By DANIEL SONNINSHINE
All eyes have been on Broward County, Florida for the past week. The extremely close election totals in the Senate race between Republican Rick Scott (currently Florida’s governor) and Democrat Bill Nelson (the incumbent) necessitated a statewide recount. The results of all three races—Senate, Governor, and State Agricultural Commissioner—were ordered to be recounted via the voting machines.
While nearly all of Florida’s counties completed their machine recounts in a timely manner and uploaded their revised results to the state website by the deadline of 3:00 p.m. on Thursday, Broward County was fashionably late—by two minutes. The Republicans who were declared the victors on Election Night appear to still be the victors after today’s recount. However, the late reporting voids the machine recount totals and necessitates a manual recount. Could this have been prevented? Was the late submitting intentional? Sore losers, perhaps? (Broward County is heavily Democrat).
During this machine recount period, allegations of corruption and protests have erupted, mostly aimed at Broward County Supervisor of Elections Brenda Snipes. Known for some sketchy handling of election results in the past (for instance, a judge found that she destroyed ballots in the 2016 election), Snipes’s oversight of the recount was disorganized from the start. Absentee and vote-by-mail ballots that were damaged or unclear had to be deciphered by election staff, and on several occasions ballots appeared out of nowhere (such as a box that somehow was discovered at Fort Lauderdale airport). Issues with the machines prevented the Broward County staff from starting the recount immediately after it was ordered. Protestors have remained outside the Broward recount headquarters for nearly a week, bearing signs with messages such as “Lock Her Up” and “Count Every Vote.” Given the apparent mismanagement of the machine recount, many believe that Broward County’s late reporting was due to either complete incompetence or as an intentional act to void the updated results.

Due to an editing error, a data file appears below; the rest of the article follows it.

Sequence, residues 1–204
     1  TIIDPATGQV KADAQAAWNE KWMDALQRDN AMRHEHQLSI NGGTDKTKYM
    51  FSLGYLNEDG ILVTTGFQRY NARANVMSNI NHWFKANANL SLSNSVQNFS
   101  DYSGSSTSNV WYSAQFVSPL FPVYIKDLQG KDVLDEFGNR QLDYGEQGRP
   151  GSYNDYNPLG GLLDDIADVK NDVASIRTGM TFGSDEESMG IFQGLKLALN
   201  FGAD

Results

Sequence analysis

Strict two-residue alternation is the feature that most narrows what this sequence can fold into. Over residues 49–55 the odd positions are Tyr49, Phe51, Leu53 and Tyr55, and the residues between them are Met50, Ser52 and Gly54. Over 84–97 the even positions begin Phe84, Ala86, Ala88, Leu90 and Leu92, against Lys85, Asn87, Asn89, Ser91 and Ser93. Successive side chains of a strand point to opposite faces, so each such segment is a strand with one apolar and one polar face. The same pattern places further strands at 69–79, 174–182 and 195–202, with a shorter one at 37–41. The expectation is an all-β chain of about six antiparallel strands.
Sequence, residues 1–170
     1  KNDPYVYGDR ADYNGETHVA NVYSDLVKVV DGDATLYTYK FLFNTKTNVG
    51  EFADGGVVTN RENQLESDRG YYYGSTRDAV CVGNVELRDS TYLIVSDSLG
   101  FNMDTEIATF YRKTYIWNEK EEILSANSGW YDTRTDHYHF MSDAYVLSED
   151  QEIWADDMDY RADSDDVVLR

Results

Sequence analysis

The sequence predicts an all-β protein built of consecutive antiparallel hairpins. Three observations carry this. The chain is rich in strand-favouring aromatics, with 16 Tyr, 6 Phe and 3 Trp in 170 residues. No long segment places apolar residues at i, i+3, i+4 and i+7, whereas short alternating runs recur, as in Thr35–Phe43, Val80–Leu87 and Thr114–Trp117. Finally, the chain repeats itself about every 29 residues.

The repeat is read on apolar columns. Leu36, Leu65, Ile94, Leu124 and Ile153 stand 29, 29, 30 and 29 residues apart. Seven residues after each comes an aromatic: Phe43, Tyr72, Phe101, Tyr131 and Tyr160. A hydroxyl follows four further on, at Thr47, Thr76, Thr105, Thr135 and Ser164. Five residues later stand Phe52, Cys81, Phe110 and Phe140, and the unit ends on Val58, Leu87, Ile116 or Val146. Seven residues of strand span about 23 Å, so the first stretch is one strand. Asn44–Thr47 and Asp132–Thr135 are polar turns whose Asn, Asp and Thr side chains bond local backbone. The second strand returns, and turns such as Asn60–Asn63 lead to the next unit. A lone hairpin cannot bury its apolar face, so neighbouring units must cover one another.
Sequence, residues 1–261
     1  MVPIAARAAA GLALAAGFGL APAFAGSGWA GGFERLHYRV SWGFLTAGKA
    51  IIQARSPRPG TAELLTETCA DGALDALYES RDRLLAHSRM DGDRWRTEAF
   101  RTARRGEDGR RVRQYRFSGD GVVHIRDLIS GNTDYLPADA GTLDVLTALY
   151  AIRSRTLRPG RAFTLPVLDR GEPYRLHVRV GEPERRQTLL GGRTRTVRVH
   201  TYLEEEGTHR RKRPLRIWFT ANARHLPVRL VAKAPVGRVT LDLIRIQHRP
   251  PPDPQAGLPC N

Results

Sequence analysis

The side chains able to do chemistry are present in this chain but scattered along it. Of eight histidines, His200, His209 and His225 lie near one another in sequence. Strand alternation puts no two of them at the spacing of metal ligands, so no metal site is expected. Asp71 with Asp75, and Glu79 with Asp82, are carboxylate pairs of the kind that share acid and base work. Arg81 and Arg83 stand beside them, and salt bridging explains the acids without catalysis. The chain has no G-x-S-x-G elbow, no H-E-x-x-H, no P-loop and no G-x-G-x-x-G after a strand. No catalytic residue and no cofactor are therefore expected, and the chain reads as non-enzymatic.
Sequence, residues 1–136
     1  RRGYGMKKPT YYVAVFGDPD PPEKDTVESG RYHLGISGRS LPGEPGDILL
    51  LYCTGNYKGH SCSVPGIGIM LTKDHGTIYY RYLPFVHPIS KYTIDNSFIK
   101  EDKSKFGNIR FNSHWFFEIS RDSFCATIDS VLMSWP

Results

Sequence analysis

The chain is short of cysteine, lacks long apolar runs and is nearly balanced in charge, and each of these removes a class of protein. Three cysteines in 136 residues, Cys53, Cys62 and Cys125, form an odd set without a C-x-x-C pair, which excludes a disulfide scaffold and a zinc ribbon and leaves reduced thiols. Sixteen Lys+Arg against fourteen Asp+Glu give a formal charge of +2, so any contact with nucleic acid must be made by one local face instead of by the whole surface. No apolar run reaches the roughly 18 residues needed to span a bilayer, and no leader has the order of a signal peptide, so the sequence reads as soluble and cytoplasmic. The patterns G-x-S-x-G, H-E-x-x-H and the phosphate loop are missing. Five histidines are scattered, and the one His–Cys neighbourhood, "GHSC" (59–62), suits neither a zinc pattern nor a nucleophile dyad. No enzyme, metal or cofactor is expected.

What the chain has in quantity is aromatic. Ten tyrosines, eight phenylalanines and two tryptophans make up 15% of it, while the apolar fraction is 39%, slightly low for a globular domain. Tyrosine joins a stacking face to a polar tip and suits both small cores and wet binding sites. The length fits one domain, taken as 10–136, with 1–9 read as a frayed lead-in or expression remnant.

Now, a manual recount is necessary, with a deadline of Sunday, November 18. If the manually recounted totals are submitted on time, these results will prevail. If not, the results will default to the what was reported on Election Night, according to Florida law.
It should be noted that Palm Beach County and Hillsborough County failed to upload results at all for the November 15 deadline. And there are several lawsuits in progress, so rulings could come at any time and affect the process as it is underway. The wild ride of Florida elections continues…
Daniel Sonninshine is an Empire State News staff writer, who is in search of greatness. A 20-something smart fellow, he is now lifting weights in an effort to obtain more power. If that doesn’t work, he will ask to write more editorials for Empire State News and less fact articles.
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